“Broadband has already been declared a human right in such nations as Finland and by the Human Rights Council of the United Nations General Assembly. In issuing this resolution, ICF seeks to translate that global aspiration to the local level, where broadband is actually deployed. In cities, states, provinces and nations around the world, broadband deployment and adoption are hindered by monopolistic or oligopolistic markets, profit-driven business models and regulatory barriers erected at the urging of incumbent Internet Service Providers. The areas most affected are those traditionally on the margins, whether due to poverty, ethnicity or low population density. ICF believes that this is no longer acceptable because broadband has become a utility as necessary to economic growth and quality of life as reliable electricity, clean water and functioning waste disposal.

The Star Tribune reported earlier this week about how federal spending on rural broadband is expected to dry up. State spending, even if increased, will struggle to pick up the slack.

I’ve got two things to say about our current problems with broadband.

First, there are plenty of ways to spend little chunks of money *talking* about broadband. Many well intentioned consultants have found gainful employment doing just this.

It’s also fairly affordable to target specific locations, like schools and township halls. But actually hooking up homes and businesses in the sticks takes a fat load of cash. There’s money to be made with the new customers, but companies don’t want to take this risk of going first. In this, the dynamic resembles the challenges facing rural electrification 70-100 years ago. It will take investment and will. Despite the protestations of broadband skeptics, you can’t wish your way to accomplishing this goal. Nothing will change unless it is changed.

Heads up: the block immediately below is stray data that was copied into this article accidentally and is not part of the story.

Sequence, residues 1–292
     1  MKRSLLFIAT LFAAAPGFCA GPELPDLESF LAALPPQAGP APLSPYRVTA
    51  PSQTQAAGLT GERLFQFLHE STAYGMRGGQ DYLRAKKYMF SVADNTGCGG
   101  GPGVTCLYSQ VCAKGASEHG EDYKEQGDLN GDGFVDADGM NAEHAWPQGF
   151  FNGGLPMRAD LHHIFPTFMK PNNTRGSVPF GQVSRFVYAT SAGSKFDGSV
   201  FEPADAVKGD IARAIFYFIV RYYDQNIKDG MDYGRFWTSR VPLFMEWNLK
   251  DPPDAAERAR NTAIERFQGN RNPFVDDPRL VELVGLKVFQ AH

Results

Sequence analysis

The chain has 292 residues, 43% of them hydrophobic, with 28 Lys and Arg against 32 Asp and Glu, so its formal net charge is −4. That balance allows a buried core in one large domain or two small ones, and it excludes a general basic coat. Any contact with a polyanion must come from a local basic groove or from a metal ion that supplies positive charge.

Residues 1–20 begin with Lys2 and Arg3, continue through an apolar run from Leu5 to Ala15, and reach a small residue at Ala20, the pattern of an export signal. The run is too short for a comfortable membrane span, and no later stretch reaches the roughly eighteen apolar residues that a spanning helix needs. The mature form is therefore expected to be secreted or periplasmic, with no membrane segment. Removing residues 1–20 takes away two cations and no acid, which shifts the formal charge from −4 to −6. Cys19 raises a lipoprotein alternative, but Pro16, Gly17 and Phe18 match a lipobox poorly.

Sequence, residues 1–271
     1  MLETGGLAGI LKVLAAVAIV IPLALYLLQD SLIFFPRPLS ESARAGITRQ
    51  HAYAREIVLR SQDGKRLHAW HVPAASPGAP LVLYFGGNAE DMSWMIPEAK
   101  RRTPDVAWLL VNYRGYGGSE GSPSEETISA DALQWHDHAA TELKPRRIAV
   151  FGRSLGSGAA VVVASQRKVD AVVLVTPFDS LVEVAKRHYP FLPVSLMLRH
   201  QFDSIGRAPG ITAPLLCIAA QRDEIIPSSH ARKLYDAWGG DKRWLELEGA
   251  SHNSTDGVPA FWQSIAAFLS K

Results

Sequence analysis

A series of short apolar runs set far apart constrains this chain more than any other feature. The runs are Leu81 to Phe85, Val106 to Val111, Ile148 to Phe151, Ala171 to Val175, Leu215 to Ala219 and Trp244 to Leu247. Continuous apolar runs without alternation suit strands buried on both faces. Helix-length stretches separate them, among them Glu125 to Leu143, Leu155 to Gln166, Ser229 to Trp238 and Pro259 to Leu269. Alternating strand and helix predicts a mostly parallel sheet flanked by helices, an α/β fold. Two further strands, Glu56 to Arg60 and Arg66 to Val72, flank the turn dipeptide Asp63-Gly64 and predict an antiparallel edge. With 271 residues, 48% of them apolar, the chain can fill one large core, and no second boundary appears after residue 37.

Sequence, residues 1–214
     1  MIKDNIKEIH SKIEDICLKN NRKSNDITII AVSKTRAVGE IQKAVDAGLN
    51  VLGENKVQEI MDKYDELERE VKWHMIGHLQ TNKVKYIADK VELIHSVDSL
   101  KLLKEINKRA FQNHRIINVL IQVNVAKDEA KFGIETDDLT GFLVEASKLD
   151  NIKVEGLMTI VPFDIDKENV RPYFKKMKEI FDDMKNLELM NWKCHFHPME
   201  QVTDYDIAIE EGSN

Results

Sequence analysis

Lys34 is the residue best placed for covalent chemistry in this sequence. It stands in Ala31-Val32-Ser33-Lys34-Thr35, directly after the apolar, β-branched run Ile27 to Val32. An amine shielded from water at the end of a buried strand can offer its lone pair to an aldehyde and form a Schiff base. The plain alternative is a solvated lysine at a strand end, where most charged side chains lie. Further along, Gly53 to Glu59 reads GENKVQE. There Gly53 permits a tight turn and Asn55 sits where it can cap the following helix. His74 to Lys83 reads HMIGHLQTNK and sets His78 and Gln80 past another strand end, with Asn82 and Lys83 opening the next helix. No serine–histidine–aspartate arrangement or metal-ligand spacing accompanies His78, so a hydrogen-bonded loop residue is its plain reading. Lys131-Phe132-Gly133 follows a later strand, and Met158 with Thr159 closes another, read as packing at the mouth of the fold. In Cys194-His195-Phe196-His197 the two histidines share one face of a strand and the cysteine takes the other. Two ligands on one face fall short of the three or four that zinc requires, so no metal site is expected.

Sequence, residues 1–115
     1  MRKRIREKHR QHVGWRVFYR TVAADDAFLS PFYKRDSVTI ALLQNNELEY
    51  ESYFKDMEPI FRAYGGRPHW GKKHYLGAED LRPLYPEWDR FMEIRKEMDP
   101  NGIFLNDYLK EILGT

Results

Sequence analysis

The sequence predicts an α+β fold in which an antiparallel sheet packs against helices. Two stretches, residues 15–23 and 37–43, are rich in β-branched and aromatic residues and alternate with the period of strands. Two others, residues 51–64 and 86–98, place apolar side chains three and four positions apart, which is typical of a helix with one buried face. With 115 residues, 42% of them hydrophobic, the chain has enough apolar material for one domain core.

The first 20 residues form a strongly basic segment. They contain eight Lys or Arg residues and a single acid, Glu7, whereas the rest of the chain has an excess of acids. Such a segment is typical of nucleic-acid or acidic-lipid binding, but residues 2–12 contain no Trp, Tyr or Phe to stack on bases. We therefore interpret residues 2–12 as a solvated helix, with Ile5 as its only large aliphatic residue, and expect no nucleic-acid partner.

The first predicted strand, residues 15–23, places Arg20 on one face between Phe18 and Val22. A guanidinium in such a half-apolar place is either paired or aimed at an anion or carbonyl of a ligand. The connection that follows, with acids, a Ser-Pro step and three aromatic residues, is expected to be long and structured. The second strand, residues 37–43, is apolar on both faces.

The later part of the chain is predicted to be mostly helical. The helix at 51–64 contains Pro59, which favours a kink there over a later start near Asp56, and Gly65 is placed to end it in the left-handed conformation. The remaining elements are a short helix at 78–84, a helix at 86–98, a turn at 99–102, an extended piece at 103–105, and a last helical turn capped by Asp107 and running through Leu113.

While that may mirror what liberals and broadband advocates like me have been saying for a long time, let me add my second thought.

It is imperative not to forget the local responsibility for these matters as well. Rural areas need to organize. Groups of neighbors need to let their local government and local internet providers know that A) they exist, B) they’re willing to sign on as customers, and C) they can quantify their service areas. This is precisely why Paul Bunyan Communication, a co-op, chose Central Itasca County (where I live) to expand last year. It took leadership within the county, township board, and among businesses to set the bait with thousands of surveys and petition signatures. If enough rural areas do this, private market forces would be more inclined to act independently or use whatever public grant funding is available.

All this being said, the problems facing rural areas and their broadband access are not limited to broadband. No matter who’s elected, rural voters are more likely to get lip service than they are to see external change agents actually helping them. That’s why I advocate a mix of public investment and a strong dose of local self-determinism. Not one or the other, but both.

If you’ve read this and, for some insane reason, want more, I’ve got something for you. This week on the Northern Community Radio podcast Dig Deep, commentator Chuck Marohn and I talk about broadband in the context of infrastructure spending and policy. Our show endeavors to provide new ways of thinking about issues that often pit liberals and conservatives against one another. We tackle specific issues once a month with a three-part series of short podcasts. The segments, produced by Heidi Holtan, also run on the KAXE/KBXE Morning Show and the Saturday morning program “The Give and Take.”


  1. Actually not everyone has a cell phone. Both my dad and us only have land lines.

    “Meantime, everyone has a cell phone.”

    • Fair point. Not everyone really has a cell phone. My point is that most people do, and the 4G data plans can give the illusion that everyone has access to high speed internet, but most cell users don’t have the bandwidth or capabilities that a bandwidth user uses for school and work.